Cryptocurrency is still nascent and the global regulatory environment is always changing. Because of the nature of our business, ShapeShift regularly receives requests from various law enforcement agencies. In the traditional financial world, this request process is typically opaque. Recently, Kraken began an initiative to bring more transparency to these types of requests in the cryptocurrency realm, and we want to do the same.
In 2018, ShapeShift assisted with 60 law enforcement inquiries from around the world. Below you’ll find a detailed look from our legal and compliance team concerning legal requests for information over the past year.
Let’s Walk through the Data and Break Down what it all Means
What you’re seeing above is a compilation of all verified legal requests for assistance that ShapeShift received from various government entities around the world in 2018. These law enforcement requests come in various forms. In the United States, they often take the form of subpoenas from a court or other government agency, but each country has its own formal legal process.
What is a Subpoena?
If most of your knowledge of the legal system comes from watching Law and Order, the thought of being subpoenaed can seem terrifying. However, for heavily regulated industries, like finance, getting subpoena requests happens often. In fact, in relation to how many inquiries law enforcement sends annually, requests related to cryptocurrency transactions are miniscule.
Basically, a subpoena is a court-ordered request compelling a person or company to take some sort of action. There are two types of subpoenas in the U.S. The first kind requires testimony before the court or a legal authority. The second type is a request for documents, materials or other types of evidence (these are the types of subpoenas that ShapeShift regularly receives).
What Does the Subpoena Process Look Like?
It starts with law enforcement entities identifying that ShapeShift might have documentation that could assist with an investigation. This could be because the investigators are savvy in crypto and understand how to look up transactions through block explorers and have identified funds that have been sent to one of our Master addresses. They’re able to do this because in the interest of transparency, ShapeShift has always made all transactions through our system public – unlike any bank or traditional financial company. Upon the completion of any customer order, the transaction details are published on our website and via our APIs. On the website, these transaction details include the payment asset type and amount, the requested asset type and amount, and the time of the transaction.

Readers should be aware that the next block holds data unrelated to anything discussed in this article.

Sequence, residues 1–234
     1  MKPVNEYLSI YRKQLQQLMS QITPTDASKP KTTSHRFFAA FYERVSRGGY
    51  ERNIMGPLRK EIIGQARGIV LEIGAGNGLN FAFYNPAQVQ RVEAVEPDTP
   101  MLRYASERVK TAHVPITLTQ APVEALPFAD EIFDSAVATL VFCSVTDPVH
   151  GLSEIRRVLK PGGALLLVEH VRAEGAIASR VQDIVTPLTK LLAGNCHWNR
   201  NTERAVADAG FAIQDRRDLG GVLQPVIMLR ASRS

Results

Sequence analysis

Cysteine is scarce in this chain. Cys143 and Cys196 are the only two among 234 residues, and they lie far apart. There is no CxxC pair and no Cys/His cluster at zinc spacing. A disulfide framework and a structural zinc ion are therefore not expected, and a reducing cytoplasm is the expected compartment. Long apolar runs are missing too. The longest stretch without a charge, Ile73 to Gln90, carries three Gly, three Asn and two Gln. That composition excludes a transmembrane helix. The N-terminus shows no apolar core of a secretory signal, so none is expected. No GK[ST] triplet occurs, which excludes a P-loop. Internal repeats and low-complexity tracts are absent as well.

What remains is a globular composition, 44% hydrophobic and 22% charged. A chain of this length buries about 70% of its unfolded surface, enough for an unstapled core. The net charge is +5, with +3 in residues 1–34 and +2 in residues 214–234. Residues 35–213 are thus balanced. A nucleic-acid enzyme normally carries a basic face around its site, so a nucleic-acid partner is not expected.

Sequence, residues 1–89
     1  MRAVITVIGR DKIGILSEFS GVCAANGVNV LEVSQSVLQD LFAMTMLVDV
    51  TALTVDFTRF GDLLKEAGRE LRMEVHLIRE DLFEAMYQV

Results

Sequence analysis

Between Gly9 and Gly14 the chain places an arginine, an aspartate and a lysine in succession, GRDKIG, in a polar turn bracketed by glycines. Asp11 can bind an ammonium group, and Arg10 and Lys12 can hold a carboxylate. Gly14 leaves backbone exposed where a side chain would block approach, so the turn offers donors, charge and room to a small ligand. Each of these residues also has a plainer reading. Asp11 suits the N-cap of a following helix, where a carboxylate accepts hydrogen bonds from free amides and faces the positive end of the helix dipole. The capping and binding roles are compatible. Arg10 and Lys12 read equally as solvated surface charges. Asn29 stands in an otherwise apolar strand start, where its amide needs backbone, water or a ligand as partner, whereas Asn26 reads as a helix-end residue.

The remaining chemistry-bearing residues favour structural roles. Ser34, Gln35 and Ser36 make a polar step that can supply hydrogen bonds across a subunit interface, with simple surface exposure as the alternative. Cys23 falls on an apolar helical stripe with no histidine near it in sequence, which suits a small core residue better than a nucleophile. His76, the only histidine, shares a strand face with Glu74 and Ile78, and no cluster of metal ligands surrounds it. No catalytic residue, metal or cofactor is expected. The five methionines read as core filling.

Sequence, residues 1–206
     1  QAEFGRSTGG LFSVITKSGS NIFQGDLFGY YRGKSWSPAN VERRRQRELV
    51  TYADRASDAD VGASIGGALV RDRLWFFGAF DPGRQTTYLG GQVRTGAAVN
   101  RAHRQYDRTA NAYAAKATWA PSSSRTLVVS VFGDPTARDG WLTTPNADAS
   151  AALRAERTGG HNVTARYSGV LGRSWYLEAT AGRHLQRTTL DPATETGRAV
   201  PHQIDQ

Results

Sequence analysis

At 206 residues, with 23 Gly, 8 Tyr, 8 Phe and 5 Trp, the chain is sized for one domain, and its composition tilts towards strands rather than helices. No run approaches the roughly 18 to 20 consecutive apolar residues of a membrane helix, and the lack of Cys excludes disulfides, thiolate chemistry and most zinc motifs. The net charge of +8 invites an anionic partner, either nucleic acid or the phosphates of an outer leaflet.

In other instances, it could be because the victims or other parties involved have identified that their funds related to the incident may have reached ShapeShift. Regardless, it results in law enforcement sending a subpoena.
Once ShapeShift receives a subpoena from law enforcement (we only respond to official legal requests), our legal and compliance teams get to work. When we receive these requests, we usually don’t know anything about the details of the investigations or what the information is being used for, just what information is required by the subpoena. Most investigations are confidential, meaning that we’re not at liberty to discuss any specifics of the investigations with any third parties.
The requested information can vary wildly. It could be something as simple as a crypto address (in or out of our system), transaction IDs, or it could include names, emails, IP addresses, coins/asset information and more.
While the timeline for the response process can vary, depending on the number of requests and employee resources, we’re usually able to provide whatever relevant information we have available in 1-2 weeks time. We responded to every verified request we received last year.
Reading the Numbers
In our Compliance Transparency report, the requests are broken down in a few ways. The first graph shows the number of requests by month. You’ll see an uptick in the final months of 2018, which mirrors what other crypto companies have also seen.
Next, the requests are grouped by country of origin. What probably won’t come as a surprise is that the United States makes up the largest number of these requests. The third graph details the requests from the U.S. and what specific agencies have contacted us.
The Biggest Takeaway
Is ShapeShift’s annual number of requests high or unusual? The short answer is no. Requests of this type, especially in the cryptocurrency industry, are common, and based on our number of transactions and user volumes, this seems to be pretty typical. When asked by CNBC about a subpoena his cryptofund received in 2018, TechCrunch Founder Michael Arrington stated, “We received a subpoena. Every [crypto]fund I’ve talked to has received one…”
There’s a lot of scrutiny on cryptocurrencies as the technology and use evolves. ShapeShift has always held financial transparency as a core principle, and for this reason, we felt the world should know that these types of law enforcement requests happen – almost continuously.